LAS VEGAS (KSNV News3LV) — If you stand in a room full of ten people, one will be addicted to opioids. One in ten Americans struggles with opioids and Chris Boutte is one of them.
“I was literally just taking handfuls to work and after those were out that’s when I started finding drug dealers,” Boutte tells us.
His addiction to pain pills started like thousands of other Nevadans, with a prescription. After a C section, the mother of his son was prescribed two hundred pills. He is now sober and helps other addicts both in person and on his YouTube page.
Every state is touched by opioid addiction, few like Nevada where any number of statistics are alarming.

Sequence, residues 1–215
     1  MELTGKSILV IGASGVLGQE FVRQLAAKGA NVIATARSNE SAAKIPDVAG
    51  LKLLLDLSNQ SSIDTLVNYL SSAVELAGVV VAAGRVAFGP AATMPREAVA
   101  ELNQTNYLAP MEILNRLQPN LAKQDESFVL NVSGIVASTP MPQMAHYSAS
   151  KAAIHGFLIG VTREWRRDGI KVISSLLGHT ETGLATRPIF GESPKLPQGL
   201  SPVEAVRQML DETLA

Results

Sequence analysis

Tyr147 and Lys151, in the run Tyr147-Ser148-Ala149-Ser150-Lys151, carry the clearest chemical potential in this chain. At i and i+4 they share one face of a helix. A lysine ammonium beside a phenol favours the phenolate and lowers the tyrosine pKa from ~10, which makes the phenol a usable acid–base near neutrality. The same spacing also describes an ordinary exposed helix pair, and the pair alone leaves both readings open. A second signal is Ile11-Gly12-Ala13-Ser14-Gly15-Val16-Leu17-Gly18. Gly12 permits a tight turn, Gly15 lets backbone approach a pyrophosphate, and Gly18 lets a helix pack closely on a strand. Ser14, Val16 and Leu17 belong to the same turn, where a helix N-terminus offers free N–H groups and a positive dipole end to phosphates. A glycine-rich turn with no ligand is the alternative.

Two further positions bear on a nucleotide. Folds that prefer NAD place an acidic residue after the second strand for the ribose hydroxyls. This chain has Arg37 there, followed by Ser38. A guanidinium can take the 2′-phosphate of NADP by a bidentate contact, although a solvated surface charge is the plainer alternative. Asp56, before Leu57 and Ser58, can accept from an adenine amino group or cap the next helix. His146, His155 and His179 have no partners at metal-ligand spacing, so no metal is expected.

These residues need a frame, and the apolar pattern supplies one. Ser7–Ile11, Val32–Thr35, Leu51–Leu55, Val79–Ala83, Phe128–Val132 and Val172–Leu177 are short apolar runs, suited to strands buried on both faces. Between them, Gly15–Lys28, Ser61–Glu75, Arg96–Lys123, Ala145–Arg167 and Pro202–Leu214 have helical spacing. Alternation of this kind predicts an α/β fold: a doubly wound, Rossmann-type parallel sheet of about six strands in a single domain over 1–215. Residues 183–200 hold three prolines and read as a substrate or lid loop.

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According to the state’s own numbers. In 2013, Nevada had the second most hydrocodone and oxycodone prescriptions in the nation, the fourth highest overdose death rate. That same year almost twenty percent of high schoolers in our state said they used prescription drugs without a prescription.
The problem is massive.
President Donald Trump has declared it a Public Health Emergency, ordering Congress to come up with a plan and diverting some grant money to addiction treatment.
According to UMC’s Chief of Staff Dr. Dale Carrison the solution is to stop overprescribing.
“You have to address peoples pain. So we address pain and have an epidemic. But on the other hand, the pill makers flooded the market," he told us.
Do you consider the opioid epidemic to be a national emergency? Click here, to vote.